After Tropical Storm Gordon drenched parts of South Florida on Monday, the National Hurricane Center issued a hurricane warning for parts of the Gulf Coast — where the storm is expected to roar ashore as soon as late Tuesday.
Meteorologists have warned Gordon likely will strengthen into a hurricane by the time it reaches coastal Mississippi and Louisiana.
Voluntary evacuation orders were issued on Monday for parts of Louisiana for residents in areas outside the levee protection system. Gov. John Bel Edwards declared a state of emergency Monday and said 200 National Guard troops will be deployed to southeastern Louisiana.
The National Hurricane Center said at 8 p.m. ET that the storm was centered 95 miles west of Fort Myers, Florida. Maximum sustained winds were clocked at 60 mph. After making landfall, it is expected to charge inland over the lower Mississippi Valley on Wednesday.
The hurricane warning was placed into effect for the area stretching from the mouth of the Pearl River in Mississippi to the Alabama-Florida border. As much as 8 inches of rain could fall in some parts of the Gulf states through late Thursday.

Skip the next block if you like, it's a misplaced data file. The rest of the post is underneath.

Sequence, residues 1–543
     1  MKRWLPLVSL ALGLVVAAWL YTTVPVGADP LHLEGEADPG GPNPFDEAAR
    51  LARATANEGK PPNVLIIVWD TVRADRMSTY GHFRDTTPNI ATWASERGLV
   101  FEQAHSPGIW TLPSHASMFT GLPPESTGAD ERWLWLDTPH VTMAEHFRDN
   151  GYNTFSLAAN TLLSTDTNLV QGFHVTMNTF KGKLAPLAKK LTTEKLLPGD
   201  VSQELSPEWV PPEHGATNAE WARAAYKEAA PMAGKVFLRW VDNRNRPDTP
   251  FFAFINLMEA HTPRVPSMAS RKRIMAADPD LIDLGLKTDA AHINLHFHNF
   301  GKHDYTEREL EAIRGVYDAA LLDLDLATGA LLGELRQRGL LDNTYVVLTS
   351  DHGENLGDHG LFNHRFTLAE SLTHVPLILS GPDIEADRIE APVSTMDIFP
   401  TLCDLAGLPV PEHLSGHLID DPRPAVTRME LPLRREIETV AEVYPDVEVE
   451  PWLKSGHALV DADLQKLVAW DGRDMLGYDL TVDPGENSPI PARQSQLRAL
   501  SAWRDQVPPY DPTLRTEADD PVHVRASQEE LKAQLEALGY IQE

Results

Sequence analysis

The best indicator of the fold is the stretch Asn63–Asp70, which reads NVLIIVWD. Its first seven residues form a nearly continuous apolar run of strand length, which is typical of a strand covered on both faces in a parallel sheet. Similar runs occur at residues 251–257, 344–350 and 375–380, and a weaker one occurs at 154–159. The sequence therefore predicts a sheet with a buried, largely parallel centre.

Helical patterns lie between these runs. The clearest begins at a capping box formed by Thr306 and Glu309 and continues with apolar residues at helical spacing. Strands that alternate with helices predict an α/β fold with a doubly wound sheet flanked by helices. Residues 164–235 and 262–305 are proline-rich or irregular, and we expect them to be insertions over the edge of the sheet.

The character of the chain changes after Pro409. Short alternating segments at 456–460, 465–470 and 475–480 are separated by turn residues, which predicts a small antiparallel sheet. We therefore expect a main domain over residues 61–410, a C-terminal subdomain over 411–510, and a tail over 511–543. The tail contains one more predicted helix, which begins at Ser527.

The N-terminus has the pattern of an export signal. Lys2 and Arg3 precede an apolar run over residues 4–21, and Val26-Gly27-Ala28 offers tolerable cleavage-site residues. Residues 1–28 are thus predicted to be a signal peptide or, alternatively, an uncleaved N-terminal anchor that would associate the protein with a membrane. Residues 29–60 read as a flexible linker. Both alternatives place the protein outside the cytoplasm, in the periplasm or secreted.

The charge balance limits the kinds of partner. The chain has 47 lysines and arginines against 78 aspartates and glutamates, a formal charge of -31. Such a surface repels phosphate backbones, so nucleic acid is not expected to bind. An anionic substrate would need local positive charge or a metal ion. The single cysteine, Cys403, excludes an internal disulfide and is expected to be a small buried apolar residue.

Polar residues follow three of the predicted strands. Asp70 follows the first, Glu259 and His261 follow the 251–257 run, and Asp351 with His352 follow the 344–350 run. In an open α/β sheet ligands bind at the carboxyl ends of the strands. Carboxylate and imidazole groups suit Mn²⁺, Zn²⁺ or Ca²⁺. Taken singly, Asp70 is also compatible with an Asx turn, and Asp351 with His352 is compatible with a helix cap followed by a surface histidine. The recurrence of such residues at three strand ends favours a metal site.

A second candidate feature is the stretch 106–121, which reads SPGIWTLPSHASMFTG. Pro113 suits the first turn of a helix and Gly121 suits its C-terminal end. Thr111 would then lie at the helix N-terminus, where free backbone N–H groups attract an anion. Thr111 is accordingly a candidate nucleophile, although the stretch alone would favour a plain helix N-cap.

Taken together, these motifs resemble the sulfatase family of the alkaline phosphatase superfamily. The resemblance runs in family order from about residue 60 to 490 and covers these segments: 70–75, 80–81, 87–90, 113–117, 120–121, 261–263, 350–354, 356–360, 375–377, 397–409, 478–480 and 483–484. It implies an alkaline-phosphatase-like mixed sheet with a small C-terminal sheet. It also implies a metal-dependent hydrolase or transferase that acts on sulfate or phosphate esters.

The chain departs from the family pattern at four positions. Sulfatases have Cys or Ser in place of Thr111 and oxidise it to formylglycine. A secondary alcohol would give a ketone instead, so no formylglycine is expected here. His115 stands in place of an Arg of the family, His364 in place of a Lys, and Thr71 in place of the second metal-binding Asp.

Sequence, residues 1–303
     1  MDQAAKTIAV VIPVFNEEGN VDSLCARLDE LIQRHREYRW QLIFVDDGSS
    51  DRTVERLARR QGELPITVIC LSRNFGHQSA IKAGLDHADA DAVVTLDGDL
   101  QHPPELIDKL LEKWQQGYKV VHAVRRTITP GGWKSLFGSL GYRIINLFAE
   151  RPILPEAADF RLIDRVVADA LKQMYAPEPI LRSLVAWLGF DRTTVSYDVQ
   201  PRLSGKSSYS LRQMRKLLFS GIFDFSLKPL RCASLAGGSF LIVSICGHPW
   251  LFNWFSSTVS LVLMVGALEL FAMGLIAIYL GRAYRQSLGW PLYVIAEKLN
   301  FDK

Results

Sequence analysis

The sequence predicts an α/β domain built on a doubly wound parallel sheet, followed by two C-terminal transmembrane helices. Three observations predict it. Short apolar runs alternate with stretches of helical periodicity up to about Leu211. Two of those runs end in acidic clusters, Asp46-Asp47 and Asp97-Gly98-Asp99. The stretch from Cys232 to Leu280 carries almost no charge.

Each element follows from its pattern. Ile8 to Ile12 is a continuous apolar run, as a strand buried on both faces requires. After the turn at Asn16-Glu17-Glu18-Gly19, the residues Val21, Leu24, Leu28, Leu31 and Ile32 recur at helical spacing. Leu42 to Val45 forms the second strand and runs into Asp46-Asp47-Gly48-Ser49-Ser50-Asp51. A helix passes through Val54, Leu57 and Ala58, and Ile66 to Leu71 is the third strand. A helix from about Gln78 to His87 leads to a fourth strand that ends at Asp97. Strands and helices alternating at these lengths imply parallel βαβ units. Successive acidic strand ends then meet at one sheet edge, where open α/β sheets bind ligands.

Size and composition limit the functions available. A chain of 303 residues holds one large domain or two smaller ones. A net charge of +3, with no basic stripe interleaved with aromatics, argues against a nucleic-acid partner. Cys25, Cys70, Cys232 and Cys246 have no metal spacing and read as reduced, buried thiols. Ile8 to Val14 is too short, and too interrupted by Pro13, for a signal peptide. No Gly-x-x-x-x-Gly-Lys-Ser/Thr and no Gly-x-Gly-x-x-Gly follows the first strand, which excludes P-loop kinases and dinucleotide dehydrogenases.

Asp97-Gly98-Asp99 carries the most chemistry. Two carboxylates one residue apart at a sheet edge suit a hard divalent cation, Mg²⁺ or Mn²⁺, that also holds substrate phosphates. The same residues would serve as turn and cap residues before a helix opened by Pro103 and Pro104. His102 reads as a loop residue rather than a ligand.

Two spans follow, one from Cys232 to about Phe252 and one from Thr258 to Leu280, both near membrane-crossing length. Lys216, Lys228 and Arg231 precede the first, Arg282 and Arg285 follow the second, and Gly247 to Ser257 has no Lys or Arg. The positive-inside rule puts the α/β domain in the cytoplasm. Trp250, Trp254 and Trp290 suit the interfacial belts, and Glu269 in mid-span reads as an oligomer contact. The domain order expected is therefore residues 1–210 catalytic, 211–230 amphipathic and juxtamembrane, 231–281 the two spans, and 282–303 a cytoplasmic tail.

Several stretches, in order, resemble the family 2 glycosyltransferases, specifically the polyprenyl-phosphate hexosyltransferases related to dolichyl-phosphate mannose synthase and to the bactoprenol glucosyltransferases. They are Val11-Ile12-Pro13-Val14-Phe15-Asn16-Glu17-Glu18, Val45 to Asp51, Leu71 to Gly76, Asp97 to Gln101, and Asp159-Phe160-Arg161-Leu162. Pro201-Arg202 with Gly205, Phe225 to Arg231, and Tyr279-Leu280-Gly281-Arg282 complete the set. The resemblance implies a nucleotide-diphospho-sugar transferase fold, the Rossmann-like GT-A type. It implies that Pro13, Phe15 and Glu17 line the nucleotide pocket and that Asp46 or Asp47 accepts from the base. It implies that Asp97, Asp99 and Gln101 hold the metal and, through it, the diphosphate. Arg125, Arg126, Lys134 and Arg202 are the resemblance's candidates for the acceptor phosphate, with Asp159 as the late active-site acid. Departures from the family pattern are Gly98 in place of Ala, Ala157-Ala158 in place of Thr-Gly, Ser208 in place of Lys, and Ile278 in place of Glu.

The National Hurricane Center reported that the storm could unleash “life-threatening” storm surge to portions of the central Gulf Coast. A storm surge warning has been issued for the area stretching from Shell Beach, Louisiana, to Dauphin Island, Alabama. The warning means there is danger of life-threatening inundation. The region could see rising waters of 3 to 5 feet.
“The deepest water will occur along the immediate coast near and to the east of the landfall location, where the surge will be accompanied by large waves,” the center said.
Gordon is expected to dissipate by Saturday somewhere in the central U.S.
After periods of heavy rainfall, flood advisories were in effect for parts of South Florida late Monday.
Tropical Storm Gordon is the Atlantic basin’s seventh named storm of the year.
Fox News’ Caleb Parke and The Associated Press contributed to this report.